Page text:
In addition, boards should see to it that education programs are properly designed and foster a culture of cyber security awareness.
Has management taken the appropriate steps to reduce cyber risks when working with third parties?
Working alongside third-party vendors is common for many businesses. However, whenever an organization entrusts its data to an outside source, there’s a chance that it could be compromised.
Boards can help ensure that vendors and other partners are aware of their organization’s cyber security expectations. Boards should work with the company’s management team to draw up a standard third-party agreement that identifies how the vendor will protect sensitive data, whether or not the vendor will subcontract any services and how it intends to inform the organization if data is compromised.
Does the organization have a system in place for staying current on cyber trends, news, and federal, state, industry and international data security regulations?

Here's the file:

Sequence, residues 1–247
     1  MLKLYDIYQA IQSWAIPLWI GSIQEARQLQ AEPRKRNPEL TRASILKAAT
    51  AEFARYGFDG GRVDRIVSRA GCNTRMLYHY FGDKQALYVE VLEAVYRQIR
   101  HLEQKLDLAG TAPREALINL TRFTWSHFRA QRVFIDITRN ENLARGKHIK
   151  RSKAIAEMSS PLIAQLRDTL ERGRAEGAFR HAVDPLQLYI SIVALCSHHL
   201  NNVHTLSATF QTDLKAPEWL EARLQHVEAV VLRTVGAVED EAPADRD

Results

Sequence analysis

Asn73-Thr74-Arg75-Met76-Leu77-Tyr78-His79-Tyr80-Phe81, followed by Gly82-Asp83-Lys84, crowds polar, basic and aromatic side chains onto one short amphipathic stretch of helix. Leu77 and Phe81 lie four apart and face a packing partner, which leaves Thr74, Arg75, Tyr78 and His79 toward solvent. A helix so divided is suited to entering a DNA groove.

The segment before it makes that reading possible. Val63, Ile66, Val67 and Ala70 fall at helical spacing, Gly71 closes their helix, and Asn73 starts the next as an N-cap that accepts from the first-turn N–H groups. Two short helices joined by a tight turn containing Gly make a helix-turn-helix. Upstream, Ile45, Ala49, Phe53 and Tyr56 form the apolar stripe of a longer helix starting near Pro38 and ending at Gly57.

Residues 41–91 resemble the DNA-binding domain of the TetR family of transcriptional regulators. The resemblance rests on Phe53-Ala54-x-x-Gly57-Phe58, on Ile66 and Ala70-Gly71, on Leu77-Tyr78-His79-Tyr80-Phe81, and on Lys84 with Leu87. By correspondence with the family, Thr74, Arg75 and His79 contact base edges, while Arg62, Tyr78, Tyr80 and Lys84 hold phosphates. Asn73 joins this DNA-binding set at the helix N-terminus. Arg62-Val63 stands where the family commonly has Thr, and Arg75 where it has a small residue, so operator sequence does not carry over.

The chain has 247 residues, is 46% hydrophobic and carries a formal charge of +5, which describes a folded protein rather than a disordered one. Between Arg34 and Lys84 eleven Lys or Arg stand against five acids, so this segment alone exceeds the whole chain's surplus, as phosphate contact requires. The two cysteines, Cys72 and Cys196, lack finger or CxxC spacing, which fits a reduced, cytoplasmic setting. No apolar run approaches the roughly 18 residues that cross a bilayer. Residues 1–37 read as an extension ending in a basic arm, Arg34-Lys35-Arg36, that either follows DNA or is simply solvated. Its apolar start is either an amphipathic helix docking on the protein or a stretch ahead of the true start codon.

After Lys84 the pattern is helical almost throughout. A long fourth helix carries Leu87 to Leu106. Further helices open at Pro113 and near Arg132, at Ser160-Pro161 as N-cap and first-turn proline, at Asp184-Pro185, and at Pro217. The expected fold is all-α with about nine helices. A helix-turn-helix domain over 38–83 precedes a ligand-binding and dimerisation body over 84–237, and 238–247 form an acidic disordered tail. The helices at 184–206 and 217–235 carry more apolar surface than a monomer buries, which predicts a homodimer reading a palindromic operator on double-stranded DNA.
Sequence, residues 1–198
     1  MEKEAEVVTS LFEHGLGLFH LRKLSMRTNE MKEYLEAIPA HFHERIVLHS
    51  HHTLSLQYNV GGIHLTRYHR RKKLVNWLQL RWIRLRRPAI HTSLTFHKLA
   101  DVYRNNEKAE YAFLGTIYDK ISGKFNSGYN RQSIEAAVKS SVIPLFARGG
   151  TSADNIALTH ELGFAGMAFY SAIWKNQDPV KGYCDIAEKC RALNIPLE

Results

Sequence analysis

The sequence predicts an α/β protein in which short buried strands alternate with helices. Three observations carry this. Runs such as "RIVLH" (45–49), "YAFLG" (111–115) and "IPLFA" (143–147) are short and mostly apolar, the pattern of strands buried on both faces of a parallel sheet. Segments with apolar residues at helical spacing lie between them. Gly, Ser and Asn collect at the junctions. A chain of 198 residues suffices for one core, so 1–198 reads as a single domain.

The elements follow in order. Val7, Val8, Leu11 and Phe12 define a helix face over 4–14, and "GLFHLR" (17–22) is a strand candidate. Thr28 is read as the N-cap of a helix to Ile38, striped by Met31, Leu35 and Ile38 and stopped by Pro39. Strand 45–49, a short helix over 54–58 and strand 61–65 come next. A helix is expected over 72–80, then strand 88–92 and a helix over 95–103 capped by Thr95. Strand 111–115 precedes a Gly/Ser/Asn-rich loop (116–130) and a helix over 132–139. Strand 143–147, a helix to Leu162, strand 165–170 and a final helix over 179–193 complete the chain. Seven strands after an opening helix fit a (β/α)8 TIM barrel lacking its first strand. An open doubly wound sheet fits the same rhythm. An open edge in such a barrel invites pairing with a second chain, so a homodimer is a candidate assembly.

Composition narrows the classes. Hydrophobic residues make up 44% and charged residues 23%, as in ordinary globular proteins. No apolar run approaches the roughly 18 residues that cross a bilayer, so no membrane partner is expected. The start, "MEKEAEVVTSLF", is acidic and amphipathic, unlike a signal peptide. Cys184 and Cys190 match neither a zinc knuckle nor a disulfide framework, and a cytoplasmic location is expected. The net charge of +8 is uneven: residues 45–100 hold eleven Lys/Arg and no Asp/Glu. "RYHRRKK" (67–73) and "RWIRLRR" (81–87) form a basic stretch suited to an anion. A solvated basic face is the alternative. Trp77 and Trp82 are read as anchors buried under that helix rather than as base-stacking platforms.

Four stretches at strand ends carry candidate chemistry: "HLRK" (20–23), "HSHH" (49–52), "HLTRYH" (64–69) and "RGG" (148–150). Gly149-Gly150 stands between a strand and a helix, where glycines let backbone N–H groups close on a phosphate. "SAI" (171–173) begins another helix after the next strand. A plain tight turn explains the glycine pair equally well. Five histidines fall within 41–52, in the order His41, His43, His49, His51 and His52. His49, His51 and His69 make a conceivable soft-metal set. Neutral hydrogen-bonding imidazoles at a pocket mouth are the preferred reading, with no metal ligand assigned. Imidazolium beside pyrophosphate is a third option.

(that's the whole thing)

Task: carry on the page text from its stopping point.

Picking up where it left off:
Cyber-related legislation can change with little warning, often having a sprawling impact on the way organizations do business. If organizations do not keep up with federal, state, industry and international data security regulations, they could face serious fines or other penalties.
Boards should ensure that the chief information security officer or similar leader is aware of his or her role in upholding cyber compliance. In addition, boards should ensure that there is a system in place for identifying, evaluating and implementing compliance-related legislation.
Additionally, boards should constantly seek opportunities to bring expert perspectives into boardroom discussions. Often, authorities from government, law enforcement and cyber security agencies can provide invaluable advice. Building a relationship with these types of entities can help organizations evaluate their cyber strengths, weaknesses and critical needs.
Has the organization conducted a thorough risk assessment? Has the organization purchased or considered purchasing cyber liability insurance?
Cyber liability insurance is specifically designed to address the risks that come with using modern technology—risks that other types of business liability coverage simply won’t cover.
The level of coverage your business needs is based on your individual operations and can vary depending on your range of exposure. As such, boards, alongside the company’s management team, need to conduct a cyber risk assessment and identify potential gaps. From there, organizations can work with their insurance broker to customize a policy that meets their specific needs.